Now research in Kelly Tappenden's laboratory at the University of Illinois at Urbana-Champaign offers hope to patients who have had parts of their small intestine surgically removed, making it difficult for them to absorb nutrients. Tappenden has found that adding butyrate, a short-chain fatty acid, to an intravenous nutrition solution not only causes intestine to grow back but makes it more functional as well.
The research will be published as the 2004 Harry M. Vars Award paper in the July/August issue of the Journal of Parenteral and Enteral Nutrition.
"Babies born at 28 to 32 weeks sometimes develop necrotizing enterocolitis, a kind of gangrene of the intestine," said Tappenden, a professor of nutritional sciences. "Last year, 11.6 percent of births in the United States were preterm infants, and removing necrotized intestine is the most common surgical emergency in preemies.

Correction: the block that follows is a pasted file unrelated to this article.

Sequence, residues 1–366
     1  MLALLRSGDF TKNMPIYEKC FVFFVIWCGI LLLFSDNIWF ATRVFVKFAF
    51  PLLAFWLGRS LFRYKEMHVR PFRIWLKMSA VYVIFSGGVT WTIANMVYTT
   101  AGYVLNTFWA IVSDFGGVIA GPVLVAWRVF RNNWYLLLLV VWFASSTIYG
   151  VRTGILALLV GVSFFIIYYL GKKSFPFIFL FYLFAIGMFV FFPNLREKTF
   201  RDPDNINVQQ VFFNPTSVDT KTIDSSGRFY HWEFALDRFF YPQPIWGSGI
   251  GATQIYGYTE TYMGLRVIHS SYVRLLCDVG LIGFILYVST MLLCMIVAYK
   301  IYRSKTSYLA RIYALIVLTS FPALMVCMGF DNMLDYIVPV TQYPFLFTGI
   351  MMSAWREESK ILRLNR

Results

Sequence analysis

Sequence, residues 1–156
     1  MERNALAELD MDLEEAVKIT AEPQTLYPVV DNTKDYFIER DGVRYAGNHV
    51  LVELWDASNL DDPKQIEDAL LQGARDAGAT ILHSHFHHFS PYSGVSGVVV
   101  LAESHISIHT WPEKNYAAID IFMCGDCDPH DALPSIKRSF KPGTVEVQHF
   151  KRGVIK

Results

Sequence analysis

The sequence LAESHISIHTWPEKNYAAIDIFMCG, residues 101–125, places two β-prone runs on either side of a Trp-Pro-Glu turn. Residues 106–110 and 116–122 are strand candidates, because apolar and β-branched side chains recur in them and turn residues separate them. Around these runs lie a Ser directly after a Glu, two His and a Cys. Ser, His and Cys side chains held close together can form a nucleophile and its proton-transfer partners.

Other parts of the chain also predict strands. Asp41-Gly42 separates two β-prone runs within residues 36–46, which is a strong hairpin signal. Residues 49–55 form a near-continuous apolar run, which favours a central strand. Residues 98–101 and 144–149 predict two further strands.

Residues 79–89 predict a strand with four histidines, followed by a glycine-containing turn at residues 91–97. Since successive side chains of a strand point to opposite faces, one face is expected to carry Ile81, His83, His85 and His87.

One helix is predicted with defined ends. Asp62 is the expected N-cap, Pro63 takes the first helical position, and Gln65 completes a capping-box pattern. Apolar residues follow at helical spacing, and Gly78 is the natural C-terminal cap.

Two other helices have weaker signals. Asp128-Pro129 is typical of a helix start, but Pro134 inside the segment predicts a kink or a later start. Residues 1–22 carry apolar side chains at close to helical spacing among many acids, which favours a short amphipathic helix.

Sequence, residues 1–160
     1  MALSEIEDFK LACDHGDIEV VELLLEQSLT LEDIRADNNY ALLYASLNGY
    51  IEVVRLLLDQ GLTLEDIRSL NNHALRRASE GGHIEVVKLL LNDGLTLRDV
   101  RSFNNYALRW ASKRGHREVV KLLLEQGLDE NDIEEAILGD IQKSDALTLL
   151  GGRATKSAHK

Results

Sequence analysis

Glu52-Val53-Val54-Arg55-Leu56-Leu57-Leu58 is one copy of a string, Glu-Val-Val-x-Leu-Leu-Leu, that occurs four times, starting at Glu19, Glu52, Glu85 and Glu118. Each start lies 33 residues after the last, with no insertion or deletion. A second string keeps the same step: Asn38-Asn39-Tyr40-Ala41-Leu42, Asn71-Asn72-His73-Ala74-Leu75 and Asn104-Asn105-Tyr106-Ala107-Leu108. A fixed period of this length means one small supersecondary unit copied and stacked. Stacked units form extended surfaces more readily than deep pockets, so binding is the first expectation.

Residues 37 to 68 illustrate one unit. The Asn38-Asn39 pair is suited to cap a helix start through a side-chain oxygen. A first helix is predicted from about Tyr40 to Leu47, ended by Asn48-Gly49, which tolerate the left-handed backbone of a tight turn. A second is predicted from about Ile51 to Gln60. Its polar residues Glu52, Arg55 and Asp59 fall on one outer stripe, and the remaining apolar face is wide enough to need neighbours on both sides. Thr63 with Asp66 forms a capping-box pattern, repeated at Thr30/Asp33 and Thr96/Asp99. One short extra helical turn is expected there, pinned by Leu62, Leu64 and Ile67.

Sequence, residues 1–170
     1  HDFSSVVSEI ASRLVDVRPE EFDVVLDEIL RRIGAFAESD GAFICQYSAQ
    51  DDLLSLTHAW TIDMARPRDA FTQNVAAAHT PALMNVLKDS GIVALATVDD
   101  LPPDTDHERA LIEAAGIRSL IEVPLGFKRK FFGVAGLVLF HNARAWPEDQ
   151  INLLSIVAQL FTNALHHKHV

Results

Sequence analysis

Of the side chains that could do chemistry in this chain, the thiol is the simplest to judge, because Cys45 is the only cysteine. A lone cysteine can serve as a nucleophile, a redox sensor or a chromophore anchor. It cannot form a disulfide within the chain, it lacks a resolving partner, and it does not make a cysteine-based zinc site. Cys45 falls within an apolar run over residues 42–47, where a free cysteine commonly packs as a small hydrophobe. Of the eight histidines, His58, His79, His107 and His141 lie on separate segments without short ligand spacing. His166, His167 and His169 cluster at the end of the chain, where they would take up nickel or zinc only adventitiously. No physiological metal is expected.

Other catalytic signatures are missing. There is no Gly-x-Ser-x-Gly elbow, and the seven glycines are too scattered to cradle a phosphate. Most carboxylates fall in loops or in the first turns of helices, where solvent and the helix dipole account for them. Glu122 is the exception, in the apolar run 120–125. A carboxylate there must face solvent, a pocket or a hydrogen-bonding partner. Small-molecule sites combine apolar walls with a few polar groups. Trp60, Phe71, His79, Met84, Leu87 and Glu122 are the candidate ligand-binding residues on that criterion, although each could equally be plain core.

"Surgery saves their lives, but with so much intestine removed, they're unable to digest or absorb nutrients. They can't eat by mouth like the rest of us do, and we have to use a process called total parenteral nutrition to feed them intravenously," she said.
Around 10,000 patients in the United States are totally reliant on intravenous feeding because their intestines have been surgically shortened, Tappenden said.
"Being on an IV for all a person's nutritional needs really affects his quality of life, and it puts him at risk for long-term complications, such as bone demineralization and liver failure. Many of these children eventually require organ transplants to survive. Our goal is to take kids who've had this resection and cause their gut to gr
Contact: Phyllis Picklesimer
University of Illinois at Urbana-Champaign